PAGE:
Northwest NEWS

June 14, 1999


'Romeo and Juliet' showcases dancers' dramatic intensity

by Deborah Stone

   Pacific Northwest Ballet's The Tragedy of Romeo and Juliet is a lush and sumptuous narrative ballet that smoothly melds dance, music, and drama together to produce a memorable work of art. Artistic Director Kent Stowell's creation first premiered in 1987, and over the years, it has been a favorite of PNB audiences.

   This Shakespeare tragedy of youthful love and loss is an enduringly romantic tale and Stowell wisely chooses to make the intimate relationship between Romeo and Juliet the essence of the story. He has constructed an entirely new musical score, comprised of selections from many of Tchaikovsky's works to fit the emotions and moods of each scene.

   Dancers Louise Nadeau, as Juliet, and Ross Yearsley, as Romeo (one of five couples who dance these roles), are an exquisite pairing that heats up the stage with their passion. They convincingly portray innocence and youth as a couple full of hope and happiness in their discovery of love. With the sudden reversal of fortune, their focus becomes dramatic and the intensity of their dance increases, culminating in a heartrending and touching finale.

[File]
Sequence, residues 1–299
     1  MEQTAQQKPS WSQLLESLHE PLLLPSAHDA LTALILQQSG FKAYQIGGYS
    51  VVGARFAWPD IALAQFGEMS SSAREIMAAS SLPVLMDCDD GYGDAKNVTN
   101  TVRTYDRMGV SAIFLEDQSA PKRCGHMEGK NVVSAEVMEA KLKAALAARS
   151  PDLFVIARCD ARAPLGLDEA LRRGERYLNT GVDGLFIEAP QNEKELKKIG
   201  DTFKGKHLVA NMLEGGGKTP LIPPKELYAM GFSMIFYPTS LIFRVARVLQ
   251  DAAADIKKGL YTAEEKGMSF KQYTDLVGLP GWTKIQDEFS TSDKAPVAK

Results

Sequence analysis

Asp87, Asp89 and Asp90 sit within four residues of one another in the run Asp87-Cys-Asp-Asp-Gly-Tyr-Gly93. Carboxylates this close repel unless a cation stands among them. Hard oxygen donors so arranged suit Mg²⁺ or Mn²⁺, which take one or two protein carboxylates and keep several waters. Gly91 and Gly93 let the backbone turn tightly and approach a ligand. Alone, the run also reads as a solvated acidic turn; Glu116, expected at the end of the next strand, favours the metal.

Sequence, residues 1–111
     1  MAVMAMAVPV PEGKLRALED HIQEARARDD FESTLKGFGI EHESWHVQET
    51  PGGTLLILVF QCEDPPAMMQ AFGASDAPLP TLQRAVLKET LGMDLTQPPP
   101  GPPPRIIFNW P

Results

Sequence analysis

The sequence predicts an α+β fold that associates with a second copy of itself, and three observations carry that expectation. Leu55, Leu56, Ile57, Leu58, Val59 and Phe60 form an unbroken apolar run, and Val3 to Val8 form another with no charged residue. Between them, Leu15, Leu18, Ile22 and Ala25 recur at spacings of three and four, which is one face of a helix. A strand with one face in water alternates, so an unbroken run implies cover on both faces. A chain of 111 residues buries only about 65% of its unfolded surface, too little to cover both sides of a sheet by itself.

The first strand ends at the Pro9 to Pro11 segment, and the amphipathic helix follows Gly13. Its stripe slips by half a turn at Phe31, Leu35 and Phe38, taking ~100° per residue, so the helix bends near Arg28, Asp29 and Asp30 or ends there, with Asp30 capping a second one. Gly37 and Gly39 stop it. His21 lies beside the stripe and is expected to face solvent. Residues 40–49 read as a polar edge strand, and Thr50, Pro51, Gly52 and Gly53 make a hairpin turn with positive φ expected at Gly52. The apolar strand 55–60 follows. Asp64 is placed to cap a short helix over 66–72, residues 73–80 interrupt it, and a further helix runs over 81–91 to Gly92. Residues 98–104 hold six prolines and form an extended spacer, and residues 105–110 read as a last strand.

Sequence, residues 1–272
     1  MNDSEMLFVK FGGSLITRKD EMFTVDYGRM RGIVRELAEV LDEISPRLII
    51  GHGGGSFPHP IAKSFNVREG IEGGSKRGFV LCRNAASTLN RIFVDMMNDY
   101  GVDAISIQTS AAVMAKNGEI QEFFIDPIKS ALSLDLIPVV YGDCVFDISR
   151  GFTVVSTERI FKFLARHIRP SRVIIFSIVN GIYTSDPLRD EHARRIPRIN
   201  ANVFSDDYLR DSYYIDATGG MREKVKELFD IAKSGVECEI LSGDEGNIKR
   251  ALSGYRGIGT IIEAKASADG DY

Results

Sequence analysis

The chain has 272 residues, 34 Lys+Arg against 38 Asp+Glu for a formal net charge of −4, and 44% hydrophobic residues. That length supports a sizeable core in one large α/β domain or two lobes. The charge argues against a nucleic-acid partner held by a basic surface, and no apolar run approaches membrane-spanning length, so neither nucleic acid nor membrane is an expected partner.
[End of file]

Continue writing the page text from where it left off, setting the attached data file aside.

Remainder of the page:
Both Nadeau and Yearsley fully give themselves to their roles and are able to express the range of emotions present in this tragic story with complete believability. Dancers in supporting roles help to set the scene of the proud Capulet and Montague houses and the feud that consumes them. Ming Cho Lee's handsome sets of frescos and columns and Theoni Aldredge's luxurious costumes create Shakespeare's Renaissance world.

   The Tragedy of Romeo and Juliet is PNB's final ballet of the season.